(Received 22 September 1979; accepted 13 November 1978)
Published Online: July
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The malpractice status of the use of electroshock therapy (electroencephalotherapy) has been reviewed. In about 40 years, there have been relatively few reported cases dealing with EST (EET) and professional liability. Few cases have been won, and those generally for modest amounts. However, future successful claims are expected to reflect current inflation. Certainly the limited volume of litigation would seem to raise a question as to the justification for the extent of the surcharges charged for psychiatric malpractice insurance for the administration of EST. Potential liability for EST continues to be a significant threat to the psychiatric practitioner, although drug matters, suicide, and conformance with legal standards seem a more significant area for current litigation. Those who use EST (EET) can minimize liability exposure by (1) obtaining an informed consent from the patient, (2) describing the method of treatment and possible complications to the family or patient and so noting, (3) ensuring legal authority to treat the patient who is incompetent to give consent or for whom special procedures are required, (4) treating in accordance with accepted procedures, (5) avoiding outpatient EST, if possible, (6) paying close attention to patient complaints, (7) keeping good records, and (8) not promising perfection.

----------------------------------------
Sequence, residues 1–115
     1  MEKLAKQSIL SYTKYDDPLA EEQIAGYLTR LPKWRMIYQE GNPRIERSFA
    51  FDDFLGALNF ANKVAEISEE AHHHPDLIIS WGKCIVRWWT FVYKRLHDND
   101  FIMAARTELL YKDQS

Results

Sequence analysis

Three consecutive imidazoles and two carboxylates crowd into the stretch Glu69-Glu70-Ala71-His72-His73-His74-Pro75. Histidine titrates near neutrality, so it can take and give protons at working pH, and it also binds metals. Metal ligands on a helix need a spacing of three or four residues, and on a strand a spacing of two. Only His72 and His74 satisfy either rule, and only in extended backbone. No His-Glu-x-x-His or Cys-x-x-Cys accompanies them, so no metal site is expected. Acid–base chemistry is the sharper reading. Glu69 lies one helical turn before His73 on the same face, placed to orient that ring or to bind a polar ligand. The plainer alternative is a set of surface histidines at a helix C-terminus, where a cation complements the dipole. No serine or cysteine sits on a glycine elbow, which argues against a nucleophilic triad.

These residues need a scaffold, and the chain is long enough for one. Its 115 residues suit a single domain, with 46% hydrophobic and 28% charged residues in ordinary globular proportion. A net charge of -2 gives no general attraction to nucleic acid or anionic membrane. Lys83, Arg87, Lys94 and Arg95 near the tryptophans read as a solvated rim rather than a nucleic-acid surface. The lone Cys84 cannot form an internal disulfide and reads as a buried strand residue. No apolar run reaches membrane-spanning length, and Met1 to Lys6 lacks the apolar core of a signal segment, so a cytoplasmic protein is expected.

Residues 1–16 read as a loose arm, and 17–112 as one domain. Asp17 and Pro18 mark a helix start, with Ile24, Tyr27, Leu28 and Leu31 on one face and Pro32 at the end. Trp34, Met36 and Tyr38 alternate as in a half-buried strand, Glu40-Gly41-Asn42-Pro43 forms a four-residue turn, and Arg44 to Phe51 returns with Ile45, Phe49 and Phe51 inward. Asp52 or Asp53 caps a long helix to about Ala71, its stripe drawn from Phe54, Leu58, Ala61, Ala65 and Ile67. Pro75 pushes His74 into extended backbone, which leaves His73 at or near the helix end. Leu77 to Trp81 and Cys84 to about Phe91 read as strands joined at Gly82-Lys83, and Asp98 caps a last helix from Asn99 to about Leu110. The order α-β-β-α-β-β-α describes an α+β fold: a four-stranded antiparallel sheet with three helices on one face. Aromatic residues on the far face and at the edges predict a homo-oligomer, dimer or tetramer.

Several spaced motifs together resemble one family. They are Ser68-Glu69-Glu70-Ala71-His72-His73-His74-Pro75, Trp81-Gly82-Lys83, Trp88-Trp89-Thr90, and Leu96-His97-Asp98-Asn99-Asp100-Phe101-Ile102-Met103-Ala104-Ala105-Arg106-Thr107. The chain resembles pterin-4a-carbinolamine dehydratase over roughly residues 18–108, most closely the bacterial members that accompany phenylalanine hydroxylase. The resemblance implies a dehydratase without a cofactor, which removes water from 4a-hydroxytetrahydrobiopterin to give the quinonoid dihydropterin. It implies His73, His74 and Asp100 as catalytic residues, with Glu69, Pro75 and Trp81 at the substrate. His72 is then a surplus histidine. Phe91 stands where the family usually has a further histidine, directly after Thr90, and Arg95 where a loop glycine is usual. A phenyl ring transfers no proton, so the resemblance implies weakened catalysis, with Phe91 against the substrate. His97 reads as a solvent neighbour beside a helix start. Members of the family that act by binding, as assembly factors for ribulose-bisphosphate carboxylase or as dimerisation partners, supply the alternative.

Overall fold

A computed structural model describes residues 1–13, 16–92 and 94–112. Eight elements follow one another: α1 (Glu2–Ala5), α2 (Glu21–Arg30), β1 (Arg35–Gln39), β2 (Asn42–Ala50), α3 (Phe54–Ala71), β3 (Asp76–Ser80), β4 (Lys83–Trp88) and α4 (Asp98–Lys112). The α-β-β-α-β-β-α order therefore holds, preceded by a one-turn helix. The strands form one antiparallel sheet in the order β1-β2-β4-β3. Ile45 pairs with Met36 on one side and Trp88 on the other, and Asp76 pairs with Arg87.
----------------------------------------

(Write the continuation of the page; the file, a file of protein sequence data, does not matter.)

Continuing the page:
Professor of psychiatry and professor of community medicine (legal medicine), Rutgers Medical School, College of Medicine and Dentistry of New Jersey, Piscataway, N.J.
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